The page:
'Robust' breeds?

Discussion in 'Emergencies / Diseases / Injuries and Cures' started by PAJerry, Oct 31, 2010.

  1. PAJerry

    PAJerry Chillin' With My Peeps

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    I'm wondering if anyone has noticed certain breeds that seem to have fewer health problems or some that have more. I started with a flock of 5 Golden Comets and 5 Buff orps. After I lost 1 Orp and 1 Comet to prolapse, and one Orp to a raccoon, I got 4 Production Reds to add to the flock. In the last 2 months, I have lost 3 Comets to what appears to be just general decline ( they are almost 3 years old). The Orps have always looked great and the Prod. Reds , although a year younger, are just fine. I plan to start a new flock next spring and , right now at least, will not consider Comets - even though they produced a lot of big eggs. In Henderson's breed chart, it seems that Rhode Island Reds are termed as 'robust', ie more disease resistant, than most breeds so I am considering them. Are the hybrids inherently short lived? What breeds have been best in your experience? I want to get as much info as I can before I start the new flock. Thanks for your help.

    Jerry
     
  2. har

    har Chillin' With My Peeps

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    Rogers,Ar
    Quote:I would check into the Buckeye breed. There is a Buckeye thread on BYC
     
  3. Tropical Chook

    Tropical Chook Chillin' With My Peeps

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    Jul 5, 2010
    Asian games if you ask me. Since I first got mine, I've never yet had a single problem as far as health is concerned. The only problem is that the hen are severely addicted to going broody [​IMG] Also, the eggs are not very large, but when not broody, the hens lay practically everyday. In fact, they are so trouble free and easy to keep, that I now only have Asian games. With that said, I'm not sure if they would handle the cold very well, bearing in mind that it never gets cold in Thailand, at least not for us who come from colder climates.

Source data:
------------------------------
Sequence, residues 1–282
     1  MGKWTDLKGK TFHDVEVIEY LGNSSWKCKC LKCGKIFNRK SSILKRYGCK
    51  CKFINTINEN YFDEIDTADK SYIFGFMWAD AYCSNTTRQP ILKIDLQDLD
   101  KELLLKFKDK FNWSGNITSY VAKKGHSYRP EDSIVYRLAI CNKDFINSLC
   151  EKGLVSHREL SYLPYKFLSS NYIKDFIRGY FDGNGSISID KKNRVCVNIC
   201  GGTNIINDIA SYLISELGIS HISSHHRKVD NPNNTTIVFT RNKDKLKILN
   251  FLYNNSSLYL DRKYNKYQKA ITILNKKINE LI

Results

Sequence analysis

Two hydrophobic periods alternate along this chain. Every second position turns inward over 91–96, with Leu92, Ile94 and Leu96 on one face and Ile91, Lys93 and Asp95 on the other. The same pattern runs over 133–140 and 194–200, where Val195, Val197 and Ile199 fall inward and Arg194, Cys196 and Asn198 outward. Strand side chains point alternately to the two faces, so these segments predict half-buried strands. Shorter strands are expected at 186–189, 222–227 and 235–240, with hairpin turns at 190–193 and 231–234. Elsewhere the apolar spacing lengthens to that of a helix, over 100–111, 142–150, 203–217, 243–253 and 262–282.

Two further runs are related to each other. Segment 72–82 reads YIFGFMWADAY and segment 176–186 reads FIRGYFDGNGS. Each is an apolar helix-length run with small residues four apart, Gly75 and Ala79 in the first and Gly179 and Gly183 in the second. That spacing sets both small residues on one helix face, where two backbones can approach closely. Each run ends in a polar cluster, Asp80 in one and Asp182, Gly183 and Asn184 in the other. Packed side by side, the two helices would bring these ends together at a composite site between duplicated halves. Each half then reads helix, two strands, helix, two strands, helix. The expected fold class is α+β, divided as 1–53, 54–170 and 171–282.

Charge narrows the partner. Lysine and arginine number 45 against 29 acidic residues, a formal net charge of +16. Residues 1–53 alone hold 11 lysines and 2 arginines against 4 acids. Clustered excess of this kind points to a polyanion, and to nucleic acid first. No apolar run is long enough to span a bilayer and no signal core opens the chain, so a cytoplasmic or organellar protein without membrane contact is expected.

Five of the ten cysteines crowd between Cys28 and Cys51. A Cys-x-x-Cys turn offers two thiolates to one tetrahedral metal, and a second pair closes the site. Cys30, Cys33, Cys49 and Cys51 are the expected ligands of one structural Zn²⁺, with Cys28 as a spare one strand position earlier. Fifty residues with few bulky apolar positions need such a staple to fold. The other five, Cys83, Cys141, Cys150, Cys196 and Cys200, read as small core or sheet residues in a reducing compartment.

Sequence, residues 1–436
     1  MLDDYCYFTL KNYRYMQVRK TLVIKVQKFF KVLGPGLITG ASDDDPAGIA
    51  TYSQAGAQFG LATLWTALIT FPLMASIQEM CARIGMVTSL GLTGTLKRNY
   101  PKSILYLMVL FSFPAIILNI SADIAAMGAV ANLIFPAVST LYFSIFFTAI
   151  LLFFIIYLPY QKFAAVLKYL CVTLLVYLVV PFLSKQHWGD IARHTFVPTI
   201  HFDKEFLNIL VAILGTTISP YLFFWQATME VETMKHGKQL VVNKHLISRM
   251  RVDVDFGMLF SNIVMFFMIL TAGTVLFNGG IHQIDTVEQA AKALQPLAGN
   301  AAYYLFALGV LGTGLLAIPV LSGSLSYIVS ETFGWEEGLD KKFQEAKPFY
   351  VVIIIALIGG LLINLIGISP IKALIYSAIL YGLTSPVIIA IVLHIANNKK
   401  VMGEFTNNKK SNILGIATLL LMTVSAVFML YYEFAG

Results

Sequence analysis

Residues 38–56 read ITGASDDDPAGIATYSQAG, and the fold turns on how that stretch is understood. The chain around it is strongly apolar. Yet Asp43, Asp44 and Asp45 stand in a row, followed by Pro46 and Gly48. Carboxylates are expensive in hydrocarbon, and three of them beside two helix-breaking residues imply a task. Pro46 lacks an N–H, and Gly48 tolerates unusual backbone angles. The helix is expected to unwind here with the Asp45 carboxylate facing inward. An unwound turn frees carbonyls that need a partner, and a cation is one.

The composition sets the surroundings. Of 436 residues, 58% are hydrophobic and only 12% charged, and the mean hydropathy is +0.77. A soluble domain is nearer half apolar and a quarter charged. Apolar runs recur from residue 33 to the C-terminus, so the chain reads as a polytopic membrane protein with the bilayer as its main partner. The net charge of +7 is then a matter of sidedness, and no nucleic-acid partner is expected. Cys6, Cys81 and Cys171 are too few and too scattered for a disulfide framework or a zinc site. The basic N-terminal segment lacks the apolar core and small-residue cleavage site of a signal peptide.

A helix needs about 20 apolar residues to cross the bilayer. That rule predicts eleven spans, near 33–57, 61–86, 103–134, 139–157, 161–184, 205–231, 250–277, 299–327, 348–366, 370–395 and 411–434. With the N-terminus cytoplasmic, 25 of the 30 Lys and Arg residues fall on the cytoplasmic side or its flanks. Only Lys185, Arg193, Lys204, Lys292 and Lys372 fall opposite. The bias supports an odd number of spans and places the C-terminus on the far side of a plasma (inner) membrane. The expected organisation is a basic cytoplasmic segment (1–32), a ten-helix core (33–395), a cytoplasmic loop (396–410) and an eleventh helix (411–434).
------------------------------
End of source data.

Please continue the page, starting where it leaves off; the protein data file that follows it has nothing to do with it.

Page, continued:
Good luck [​IMG]
     
  4. Judy

    Judy Moderator Staff Member

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    From reading on here I get the impression that the answer is not so much a breed as a source. Hatcheries breed for eggs; breeders breed for a lot of qualities, including good health. If I were starting over I would not even consider hatchery stock, now that I have learned from BYC about breeders, and even know there are a few within a reasonable distance from me.
     
  5. Hollywood Chickens

    Hollywood Chickens Chillin' With My Peeps

    Mar 12, 2009
    Florida
    Hatchery chickens do get sick more often and do have health problems, but if breeder chickens are too expensive etc. then you should try to get heritage breeds that are not that popular (like cuckoo Marans are very popular, 10 out 15 of mine died before they were 4 weeks old and the 5 surviving ones didn't look too great) This summer I was buying orders of 25 mixed female chicks and selling them so I got to see all kinds of breeds, the heritage breeds were always healthier than the fancy ones. Half of the Anconas developed walking problems, the Blue Andalusians got sick and some died, while the leghorns, RIRs, BRs, and BAs were fine and running around like maniacs! most of them I sold before they were 3 weeks old so I don't know how a lot of them did.
     

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